A substance is determined to be toxic by it’s ability to cause damage on a cellular level or even effect the whole body. This damage may be visible, such as a burn or it may be invisible damage, such as organ damage, cancer or memory loss. Most chemicals enter the body via the lungs, the mouth, the skin and the eyes that occur with cleaning supplies, stain and water resistant products. In the office environment people should be especially concerned with exposure to PFCs, or Perfluorinated Compounds. PFCs are chemicals with stain-resistant or water-resistant properties. They are applied on office furniture, carpet, food packaging and food preparation pans and utensils. Our contact with these materials is one of the reasons PFCs are now more commonly found in our blood.
3M’s Scotchguard was discontinued in 2002 when studies found PFCs in their carpet, furniture and clothing treatments. However, not all manufacturers have discontinued use. PFCs are still found in teflon coated cooking utensils and on most office furniture. One source that many people are unaware of, is the use of these in our food packaging such as the grease-resistant lining on pizza boxes and the inside of microwave popcorn bags.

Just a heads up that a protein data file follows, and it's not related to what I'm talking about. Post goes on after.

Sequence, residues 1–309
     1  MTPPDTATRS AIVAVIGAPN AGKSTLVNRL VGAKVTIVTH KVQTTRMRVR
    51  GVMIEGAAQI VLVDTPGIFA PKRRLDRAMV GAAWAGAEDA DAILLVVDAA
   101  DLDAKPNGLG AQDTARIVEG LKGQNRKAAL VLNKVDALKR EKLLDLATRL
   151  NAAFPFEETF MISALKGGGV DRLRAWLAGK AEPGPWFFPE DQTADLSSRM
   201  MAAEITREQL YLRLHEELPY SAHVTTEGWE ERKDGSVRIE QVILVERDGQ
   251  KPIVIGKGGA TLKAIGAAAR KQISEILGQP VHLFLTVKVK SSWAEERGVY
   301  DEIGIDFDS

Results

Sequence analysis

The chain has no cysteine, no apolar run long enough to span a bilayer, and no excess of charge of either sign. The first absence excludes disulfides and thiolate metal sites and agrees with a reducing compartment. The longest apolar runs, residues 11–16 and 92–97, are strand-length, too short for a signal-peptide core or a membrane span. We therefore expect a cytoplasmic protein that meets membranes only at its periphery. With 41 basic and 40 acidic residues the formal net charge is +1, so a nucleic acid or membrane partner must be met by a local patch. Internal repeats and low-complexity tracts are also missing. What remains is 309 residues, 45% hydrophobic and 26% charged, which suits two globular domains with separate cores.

There is still much to learn about how these and other chemicals can affect our long term health. The EPA has developed a recommended action plan for all companies to take to avoid exposure until studies are completed and assurances can be made. The Washington Toxics Coalition also provides good tips and recommendations. There are many alternatives with all of these materials that are considered non-toxic, safe for the environment and for your employees.
If you need help finding non-toxic alternatives please contact us, we would be happy to help.
Phthalates are industrial chemical compounds used in a huge array of consumer products, including; beauty products, hairsprays, wood finishers, vinyl flooring, and medical devices. They are also found in a high majority of soft plastic type consumer products that make plastics more flexible. The global chemicals industry produces nearly six million tons of phthalates every year.
In an e-magazine article, Childhood Obesity and Phthalates, they note a study that related obesity in kids with phthalate exposure. It also noted exposure can cause reproductive problems and social and behavioral problems often seen in autism. Another report, The Problem with Phthalates, cites that phthalates ‘can damage the sexual development of children’.
Be mindful when shopping and try to purchase phthalates free products. Below are some resources to help guide consumers;
According to an article by Safer States, nearly each day, four million people in the United States… are exposed to toxic chemicals in their workplace on a daily basis. What’s worse is that this number is only counting towards the people in direct contact with the chemicals- like janitors, landscapers, and groundskeepers. Now imagine what the statistics jump to once you include all the people who indirectly work around those chemicals- like all the employees who work in your office.
Here are some tips for how to switch to eco-friendly products that will still make your office as clean and beautiful, but without the negative effects on the environment or your health: